The last chapter is an examination of Notker's Gesta Karoli. The point here is that the text is not a source for accurate representation of historical events, but a genuine commentary on kingship and late ninth-century politics. MacLean finds a thinly veiled criticism of Archbishop Liutbert of Mainz, who had previously lost his high court position on Charles the Fat's accession to the Bavarian throne. We remember from chapter two that the Mainz continuation of the Annals of Fulda were written under Liutbert's direction and were thus viciously biased against Charles, so seeing the royally sponsored work of Notker attack the archbishop is no surprise. MacLean skillfully draws from Notker's other writings to identify patterns of authorial strategy, which in turn support his argument for seeing the Gesta Karoli less as a mirror for princes and more as a political commentary. Alas, by 887 the work was out of date before it was even finished. The rhetoric of imperial power would have been ridiculous by that time, so Notker dropped the work in mid-sentence.

A short conclusion ends the book by drawing together the main strands of argument. MacLean notes his court-centered view and observes that further studies "from the perspective of the localities upwards" (234) can yield more evidence and refine our understanding of the end of the Carolingian empire. But what he himself has accomplished goes a long way toward that goal.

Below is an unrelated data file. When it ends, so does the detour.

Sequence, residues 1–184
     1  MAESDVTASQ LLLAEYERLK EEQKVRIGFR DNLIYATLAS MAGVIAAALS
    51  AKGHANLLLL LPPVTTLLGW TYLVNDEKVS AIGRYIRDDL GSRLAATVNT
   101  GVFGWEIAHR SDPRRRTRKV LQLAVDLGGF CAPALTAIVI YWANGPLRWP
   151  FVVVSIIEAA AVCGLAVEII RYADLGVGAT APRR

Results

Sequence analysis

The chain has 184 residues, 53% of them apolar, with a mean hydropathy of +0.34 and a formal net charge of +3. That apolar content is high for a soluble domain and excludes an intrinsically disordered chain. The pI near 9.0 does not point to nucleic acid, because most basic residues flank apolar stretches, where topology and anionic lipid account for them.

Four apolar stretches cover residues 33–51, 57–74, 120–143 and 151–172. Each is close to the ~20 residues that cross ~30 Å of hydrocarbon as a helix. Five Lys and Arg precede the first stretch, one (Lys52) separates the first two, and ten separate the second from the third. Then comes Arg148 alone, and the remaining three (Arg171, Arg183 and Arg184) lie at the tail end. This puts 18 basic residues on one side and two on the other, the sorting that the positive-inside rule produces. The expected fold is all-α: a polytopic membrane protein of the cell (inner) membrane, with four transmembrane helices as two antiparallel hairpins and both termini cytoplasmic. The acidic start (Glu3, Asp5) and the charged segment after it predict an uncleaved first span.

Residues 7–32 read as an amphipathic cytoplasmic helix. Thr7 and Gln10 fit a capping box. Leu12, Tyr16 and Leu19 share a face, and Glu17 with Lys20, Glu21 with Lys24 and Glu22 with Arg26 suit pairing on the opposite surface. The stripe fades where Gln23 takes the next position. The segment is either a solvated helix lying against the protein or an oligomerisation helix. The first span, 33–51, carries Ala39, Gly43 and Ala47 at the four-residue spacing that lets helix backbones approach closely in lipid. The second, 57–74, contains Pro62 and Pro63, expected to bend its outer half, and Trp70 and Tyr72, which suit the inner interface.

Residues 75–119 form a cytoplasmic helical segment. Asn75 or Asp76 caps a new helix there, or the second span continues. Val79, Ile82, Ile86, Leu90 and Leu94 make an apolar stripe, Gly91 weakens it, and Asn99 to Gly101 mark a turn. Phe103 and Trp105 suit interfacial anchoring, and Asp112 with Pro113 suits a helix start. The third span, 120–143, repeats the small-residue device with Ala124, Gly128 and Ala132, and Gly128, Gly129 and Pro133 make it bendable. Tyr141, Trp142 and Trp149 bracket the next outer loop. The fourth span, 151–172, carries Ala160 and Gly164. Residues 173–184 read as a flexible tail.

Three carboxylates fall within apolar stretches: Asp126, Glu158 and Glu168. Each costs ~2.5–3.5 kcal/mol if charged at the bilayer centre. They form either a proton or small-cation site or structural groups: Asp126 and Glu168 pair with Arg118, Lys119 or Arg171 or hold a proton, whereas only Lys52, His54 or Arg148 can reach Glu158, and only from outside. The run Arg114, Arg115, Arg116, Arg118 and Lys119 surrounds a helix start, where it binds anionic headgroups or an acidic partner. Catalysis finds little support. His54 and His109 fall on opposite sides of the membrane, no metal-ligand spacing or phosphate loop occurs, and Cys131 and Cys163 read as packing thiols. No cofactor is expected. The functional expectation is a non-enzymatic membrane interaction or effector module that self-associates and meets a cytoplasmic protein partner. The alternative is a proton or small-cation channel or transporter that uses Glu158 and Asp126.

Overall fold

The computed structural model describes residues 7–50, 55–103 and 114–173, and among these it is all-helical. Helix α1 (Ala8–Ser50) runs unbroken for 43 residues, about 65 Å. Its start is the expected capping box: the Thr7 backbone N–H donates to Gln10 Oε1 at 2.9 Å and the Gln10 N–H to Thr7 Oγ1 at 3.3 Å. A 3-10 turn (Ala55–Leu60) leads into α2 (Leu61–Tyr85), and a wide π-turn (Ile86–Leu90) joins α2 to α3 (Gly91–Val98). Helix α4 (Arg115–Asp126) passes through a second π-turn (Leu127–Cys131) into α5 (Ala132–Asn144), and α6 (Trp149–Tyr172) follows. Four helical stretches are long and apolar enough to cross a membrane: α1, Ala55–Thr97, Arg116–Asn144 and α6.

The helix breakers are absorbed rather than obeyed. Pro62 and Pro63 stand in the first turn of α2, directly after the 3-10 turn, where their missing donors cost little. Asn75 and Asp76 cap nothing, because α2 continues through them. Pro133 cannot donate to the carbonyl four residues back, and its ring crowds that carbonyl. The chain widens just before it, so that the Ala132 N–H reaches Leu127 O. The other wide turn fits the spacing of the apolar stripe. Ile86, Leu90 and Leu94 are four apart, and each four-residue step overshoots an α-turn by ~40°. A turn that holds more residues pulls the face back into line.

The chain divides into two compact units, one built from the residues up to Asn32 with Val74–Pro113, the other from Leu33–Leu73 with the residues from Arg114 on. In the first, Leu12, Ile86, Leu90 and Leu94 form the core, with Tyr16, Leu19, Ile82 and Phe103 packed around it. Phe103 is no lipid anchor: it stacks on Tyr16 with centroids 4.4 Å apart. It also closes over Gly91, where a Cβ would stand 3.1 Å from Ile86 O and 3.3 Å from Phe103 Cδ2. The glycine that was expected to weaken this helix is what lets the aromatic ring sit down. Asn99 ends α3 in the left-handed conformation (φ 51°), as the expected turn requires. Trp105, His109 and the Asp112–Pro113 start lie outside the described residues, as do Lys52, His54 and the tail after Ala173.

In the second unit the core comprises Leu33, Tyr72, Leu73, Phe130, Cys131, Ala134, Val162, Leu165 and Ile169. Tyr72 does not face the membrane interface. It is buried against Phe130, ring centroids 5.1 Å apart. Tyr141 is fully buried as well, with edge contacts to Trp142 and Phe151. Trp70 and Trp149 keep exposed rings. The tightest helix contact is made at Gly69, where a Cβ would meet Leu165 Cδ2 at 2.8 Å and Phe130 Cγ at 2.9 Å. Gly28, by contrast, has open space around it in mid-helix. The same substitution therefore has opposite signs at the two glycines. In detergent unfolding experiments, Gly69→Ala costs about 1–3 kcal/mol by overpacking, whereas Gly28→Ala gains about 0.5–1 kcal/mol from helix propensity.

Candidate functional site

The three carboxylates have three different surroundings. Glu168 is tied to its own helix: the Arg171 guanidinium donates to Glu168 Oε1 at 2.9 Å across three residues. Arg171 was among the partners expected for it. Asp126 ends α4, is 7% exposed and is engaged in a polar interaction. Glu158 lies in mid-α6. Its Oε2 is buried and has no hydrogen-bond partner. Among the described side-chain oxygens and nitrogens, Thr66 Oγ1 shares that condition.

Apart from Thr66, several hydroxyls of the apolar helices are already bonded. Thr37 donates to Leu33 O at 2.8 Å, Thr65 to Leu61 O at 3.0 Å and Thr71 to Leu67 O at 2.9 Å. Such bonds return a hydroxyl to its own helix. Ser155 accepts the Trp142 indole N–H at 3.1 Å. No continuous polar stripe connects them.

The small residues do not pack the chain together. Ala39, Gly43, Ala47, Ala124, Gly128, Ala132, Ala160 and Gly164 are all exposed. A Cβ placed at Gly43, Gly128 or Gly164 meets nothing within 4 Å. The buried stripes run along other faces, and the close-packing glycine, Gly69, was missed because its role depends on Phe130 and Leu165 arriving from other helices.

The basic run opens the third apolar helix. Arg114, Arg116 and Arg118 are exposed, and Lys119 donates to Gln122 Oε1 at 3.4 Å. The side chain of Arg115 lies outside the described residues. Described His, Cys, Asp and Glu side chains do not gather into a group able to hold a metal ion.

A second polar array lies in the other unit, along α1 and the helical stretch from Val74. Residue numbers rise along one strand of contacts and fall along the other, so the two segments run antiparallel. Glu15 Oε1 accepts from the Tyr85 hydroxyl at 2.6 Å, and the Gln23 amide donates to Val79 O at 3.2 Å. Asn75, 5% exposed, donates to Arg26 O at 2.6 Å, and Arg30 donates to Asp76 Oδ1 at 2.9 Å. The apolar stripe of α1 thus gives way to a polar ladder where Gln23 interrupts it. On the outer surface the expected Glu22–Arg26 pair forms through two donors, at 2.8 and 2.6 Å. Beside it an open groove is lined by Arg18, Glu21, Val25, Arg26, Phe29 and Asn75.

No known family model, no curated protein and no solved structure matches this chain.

Overall, MacLean should be commended for this work. It is good in its use of charter evidence for dates, and for tracking down the activities and motivations of Charles the Fat and other historical actors. This effort emphasizes their agency. Along with general assumptions, he revises a number of details along the way, strengthening his argument through careful research and analysis. Thus we see charter evidence linking Odo to Charles the Fat in alliance, the imperial strategy behind spiritual commemorations at monasteries, and a refined date for Notker's Gesta Karoli. Another new book in the same Cambridge series, Jason Glenn's Politics and History in the Tenth Century (2004), which sees the writing of history as a commentary on kingship and contemporary politics, complements MacLean's approach in chapters two and seven. Major themes emerge from the study that others can take to apply to Carolingian history and history in general. The first is the recent understanding of royal-aristocratic cooperation in early medieval government. The second is the clear political angle of sources. For the reign of Charles the Fat, historians missed these crucial issues and thus built grand theories on shaky ground. This book is founded on a more solid basis, fits in well with what is known about the Carolingians, and convincingly concludes that, while the late ninth century posed tremendous challenges and while Charles the Fat was clearly not a "great" king, he was a "typical" Carolingian. "The empire was too big for one man, but then it always had been" (122, emphasis in original). The 870s and 880s saw no decline in kingship, no rise of an aristocracy or new nations, but rather a dynastic succession crisis that could not be overcome.